Film Review: ‘The Speech’ Is an Eccentric Comedy With an Enticing Premise5 min readReading Time: 4 minutes
Stuck at a family meal that makes him want to murder, Adrien waits. He waits for a text message from his girlfriend to put an end to the ‘break’ she has been giving him for a month. And now Ludo, his future brother-in-law, asks him to make a ‘little’ speech for the wedding. Adrien panics, but what if this speech was ultimately the best thing that could happen to him? Adapted from a novel by Fabrice Caro.
Director: Laurent Tirard
Cast: Benjamin Lavernhe from La Comédie Française, Sara Giraudeau, Kyan Khojandi, Julia Piaton
Runtime: 87 minutes
Based on Fabrice Caro’s novel of the same name, The Speech follows Adrien’s (Benjamin Lavernhe) struggles in understanding what his long-term girlfriend Sonia (Sara Giraudeau) meant when she declared that the both of them needed a break. Things get even more troubling for the 35-year-old when his soon-to-be brother-in-law Ludo (Kyan Khojandi) asks him to give a speech at the wedding, causing him to spiral.
The whole film takes place over the course of this dinner, but the film does not limit itself to that setting. Instead, The Speech often breaks the fourth wall with Adrien voicing his innermost thoughts to the audience throughout the night. What could have possibly been a mundane film is livened up by Adrien’s direct address to the audience and his quippy remarks, transforming The Speech into a fun and witty watch.
Adrien is able to narrate his life using the medium of a novel. Narration often does not translate well on film, either stating the obvious or creating a degree of separation to the events. The Speech avoids this by having Adrien’s narrations directed to an audience. This style is similar to the comedy-drama A Series of Unfortunate Events (2017), possessing the same type of deadpan humour.
However, instead of having a narrator that is not directly involved in the events, The Speech has Adrien himself, speaking to us. Throughout the dinner, he stays the silent observer to his family’s conversation, opting instead to speak to the audience by offering commentary. This also makes sense in the context of the film as Adrien is shown to live more in his head than in reality.
The film’s strength lies in its relatability. From his tendency to live in his own world to his inability to articulate his emotions and speak up, Adrien is marvellously flawed. He seems like a vacant everyman despite having a vast and rich imagination inwardly. Outwardly, he is a strange, neurotic and deeply awkward man, the kind who needs to make lists of topics to keep a conversation going. While he does well-intentioned deeds, he often seems to mess things up by his pure inability to speak up for himself.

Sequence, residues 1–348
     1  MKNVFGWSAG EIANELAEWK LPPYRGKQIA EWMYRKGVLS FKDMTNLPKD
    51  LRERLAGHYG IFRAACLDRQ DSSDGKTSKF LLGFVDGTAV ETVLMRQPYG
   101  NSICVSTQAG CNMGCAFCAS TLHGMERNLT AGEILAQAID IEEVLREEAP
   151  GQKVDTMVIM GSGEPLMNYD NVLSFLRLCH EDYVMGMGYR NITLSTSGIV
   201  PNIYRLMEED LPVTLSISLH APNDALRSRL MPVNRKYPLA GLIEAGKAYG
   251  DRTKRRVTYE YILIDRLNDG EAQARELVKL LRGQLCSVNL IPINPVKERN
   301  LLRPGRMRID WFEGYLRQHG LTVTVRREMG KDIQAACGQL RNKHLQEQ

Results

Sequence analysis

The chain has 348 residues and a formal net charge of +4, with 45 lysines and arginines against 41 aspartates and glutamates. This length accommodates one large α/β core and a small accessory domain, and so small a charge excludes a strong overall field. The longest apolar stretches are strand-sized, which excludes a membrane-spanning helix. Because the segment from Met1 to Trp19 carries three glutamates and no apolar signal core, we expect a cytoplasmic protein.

As the dinner rolls on, Adrien imagines multiple iterations of the speech he would give, imagining himself thriving and failing as he does so. So antagonistic to the idea of the speech, he even wonders if he should break the couple up, showing his true flawed and selfish nature. He flickers between caring about the speech and being wholly consumed with his failing relationship. He contemplates texting Sonia but is downright cringey at how desperate he is. While not one to speak up at the dinner table, he often snaps backs with one-liners and insults to the family.
While that may make it seem as if he is the villain, his whole family are just as self-absorbed and messy. The film dissects modern family roles as each person in the family has their set responses, this captures the banal mundaneness of life and routine. It is heavily contrasted with Adrien’s inner world with his imaginations of fantastical scenarios.
The camerawork and composition of the film are as dynamic as Adrien’s monologues, breathing life into his imagination. It has an almost surrealist quality as the camera pans from mundane settings to Adrien’s imaginations seamlessly. The framing and colour grading also make the dour settings more exciting and dynamic, giving it a quality of surrealness.
The film also has the subtle and ultimately encouraging message that it’s never too late for change. Through the course of the film, we also see Adrien grow as he comes to terms with his flaws and learns to live outwardly rather than inwardly. The film was a fun and witty experience, with great heartfelt moments and hilarious quips.
The Speech will be screening as part of the French Film Festival. For screening dates, visit here.
About the French Film Festival 2020
The French Film Festival, presented as part of the vOilah! France Singapore Festival, returns from 6 to 22 November 2020, with its biggest line-up of 37 feature films in a wide variety of celebrated classics and yet-to-be-released films. These will all be presented both offline and online. For more information on the festival, visit its official website here.
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